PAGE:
‘And that which is perishable, does that cause pain or joy?’

‘It causes pain (dukkha), Lord.’

‘And that which is perishable, painful, subject to change, is it possible to regard that in this way. ‘This is mine, this am I, this is my self (atta)?’ ‘That is impossible, Lord.’

So, those 3 suttas is synonym of each other. For the example:

You never have to see "I often(1) mis(2)-understand(3) of you-ahaṃ tuvaṃ micchā(2) anu(1)-passāmi(3)" sentence. But is it the right, if I tell you A, B, and C have the same meaning?:

A: I often understand of you as permanent person.

B: I misunderstand of you as permanent person.

C: I understand of you as my dear forever (misunderstanding sakkāya as attā).

In this case the buddha can predict, because buddha maybe his teacher, the listening-bhikkhu will enlighten by animitta-vimokkha, so the buddha taught impermanence to him. And this bhikku maybe memorized micchādiṭṭhi from buddha before, so the buddha taught micchādiṭṭhi in this sutta. If the buddha teach the other words, they cannot enlighten, because the listening maybe never memorized before.

It looks like when I said หนึ่งคูณสองเท่ากับสอง, you cannot enlighten what I said. But if I said "1x2=2", you can get it.

This is the same way which atthakathā described SN Salāyatanavagga aniccatādisutta:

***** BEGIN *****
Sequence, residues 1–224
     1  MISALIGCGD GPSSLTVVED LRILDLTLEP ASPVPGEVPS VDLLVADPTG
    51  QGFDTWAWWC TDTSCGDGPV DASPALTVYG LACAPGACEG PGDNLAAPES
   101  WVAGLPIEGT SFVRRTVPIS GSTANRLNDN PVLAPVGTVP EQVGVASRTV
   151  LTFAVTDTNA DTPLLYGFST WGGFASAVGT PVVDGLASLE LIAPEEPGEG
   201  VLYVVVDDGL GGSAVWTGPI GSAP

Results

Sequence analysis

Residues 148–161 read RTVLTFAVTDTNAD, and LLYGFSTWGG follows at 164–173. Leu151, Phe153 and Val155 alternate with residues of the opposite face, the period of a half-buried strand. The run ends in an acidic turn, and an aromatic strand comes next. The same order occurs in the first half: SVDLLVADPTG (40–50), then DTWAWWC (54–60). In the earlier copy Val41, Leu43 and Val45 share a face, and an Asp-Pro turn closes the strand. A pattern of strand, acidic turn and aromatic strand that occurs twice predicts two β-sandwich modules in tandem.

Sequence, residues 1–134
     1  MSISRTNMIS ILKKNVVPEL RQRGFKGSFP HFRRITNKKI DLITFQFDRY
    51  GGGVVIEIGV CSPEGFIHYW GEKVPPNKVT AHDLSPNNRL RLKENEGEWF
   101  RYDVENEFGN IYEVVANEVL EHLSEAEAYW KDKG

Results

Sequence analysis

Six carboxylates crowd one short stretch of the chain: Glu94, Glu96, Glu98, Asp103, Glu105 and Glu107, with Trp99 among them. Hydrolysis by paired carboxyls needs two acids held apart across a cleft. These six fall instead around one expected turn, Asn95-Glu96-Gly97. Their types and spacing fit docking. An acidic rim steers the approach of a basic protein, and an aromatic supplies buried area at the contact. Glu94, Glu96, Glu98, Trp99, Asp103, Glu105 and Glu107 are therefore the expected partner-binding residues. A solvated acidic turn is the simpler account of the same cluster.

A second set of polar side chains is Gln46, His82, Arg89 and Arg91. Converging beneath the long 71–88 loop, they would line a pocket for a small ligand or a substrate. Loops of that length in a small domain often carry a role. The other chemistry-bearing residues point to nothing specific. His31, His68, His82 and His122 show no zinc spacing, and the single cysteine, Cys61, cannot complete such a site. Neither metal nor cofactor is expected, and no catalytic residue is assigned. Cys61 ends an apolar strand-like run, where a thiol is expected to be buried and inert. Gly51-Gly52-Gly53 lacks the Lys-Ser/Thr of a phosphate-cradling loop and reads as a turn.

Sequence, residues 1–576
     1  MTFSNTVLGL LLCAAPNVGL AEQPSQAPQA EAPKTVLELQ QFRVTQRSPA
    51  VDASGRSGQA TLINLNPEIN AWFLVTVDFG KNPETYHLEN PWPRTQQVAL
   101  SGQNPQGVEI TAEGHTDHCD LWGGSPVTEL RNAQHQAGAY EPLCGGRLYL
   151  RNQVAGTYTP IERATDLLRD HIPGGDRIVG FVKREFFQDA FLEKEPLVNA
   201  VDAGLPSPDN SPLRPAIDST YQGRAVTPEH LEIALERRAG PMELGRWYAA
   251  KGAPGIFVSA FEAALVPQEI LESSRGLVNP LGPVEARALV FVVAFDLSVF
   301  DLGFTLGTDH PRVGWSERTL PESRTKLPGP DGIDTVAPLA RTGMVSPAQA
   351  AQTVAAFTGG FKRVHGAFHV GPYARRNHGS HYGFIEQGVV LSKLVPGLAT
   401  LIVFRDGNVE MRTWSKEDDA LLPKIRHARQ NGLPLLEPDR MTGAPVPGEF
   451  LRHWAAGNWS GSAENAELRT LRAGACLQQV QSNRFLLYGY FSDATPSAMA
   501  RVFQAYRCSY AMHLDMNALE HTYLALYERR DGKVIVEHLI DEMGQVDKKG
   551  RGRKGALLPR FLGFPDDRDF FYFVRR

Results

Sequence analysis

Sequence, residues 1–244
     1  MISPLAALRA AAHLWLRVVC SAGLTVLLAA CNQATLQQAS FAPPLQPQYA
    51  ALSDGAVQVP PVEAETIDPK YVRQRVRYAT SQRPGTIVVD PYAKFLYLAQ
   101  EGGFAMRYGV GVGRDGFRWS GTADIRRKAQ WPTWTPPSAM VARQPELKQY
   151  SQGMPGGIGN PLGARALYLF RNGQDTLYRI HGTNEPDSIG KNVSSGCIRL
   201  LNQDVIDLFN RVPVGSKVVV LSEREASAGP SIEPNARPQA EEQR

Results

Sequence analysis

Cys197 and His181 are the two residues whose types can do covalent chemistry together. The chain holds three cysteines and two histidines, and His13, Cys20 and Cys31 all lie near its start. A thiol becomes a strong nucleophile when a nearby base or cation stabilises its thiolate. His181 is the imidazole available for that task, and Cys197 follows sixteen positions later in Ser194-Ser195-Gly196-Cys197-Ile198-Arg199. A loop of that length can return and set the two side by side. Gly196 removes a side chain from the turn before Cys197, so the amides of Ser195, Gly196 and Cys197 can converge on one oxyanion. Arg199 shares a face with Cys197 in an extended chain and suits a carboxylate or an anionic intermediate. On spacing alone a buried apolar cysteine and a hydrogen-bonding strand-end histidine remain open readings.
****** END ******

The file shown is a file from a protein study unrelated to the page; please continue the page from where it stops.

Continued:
Iti idaṃ suttaṃ chasu ajjhattikāyatanesu tīṇi lakkhaṇāni dassetvā kathite bujjhanakānaṃ ajjhāsayena vuttaṃ.

For these 3 sutta, buddha taught 3 characterizes of 6 inner-āyatana depend on the enlightening-possibility of each listening-bhikkhu.

For more information, you can see naya in netti.


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Note5: Sakkāya is not similar to sakkāya-diṭṭhi in mostly suttas such as sakkāyasutta.

Sakkāya is 5 aggregates, which is engaging by diṭṭhi-clinging (diṭṭhi-upādāna).

But sakkāya-diṭṭhi is diṭṭhi-clinging, which engaging 5 aggregates.

So, mostly english version, which I random checked, translated wrong as "self view (sakkāya-diṭṭhi)", but it should be just "sakkāya".

  • 1
    Comments are not for extended discussion; this conversation has been moved to chat.
    – ChrisW
    Mar 6, 2018 at 4:25
  • @ChrisW I guess you will like the note0 and note4, which I added above, because It is very clear, and provable.
    – Bonn
    Mar 11, 2018 at 1:51

I think the commonly-accepted definition of sakkāyadiṭṭhi comes from passages like this in MN 44: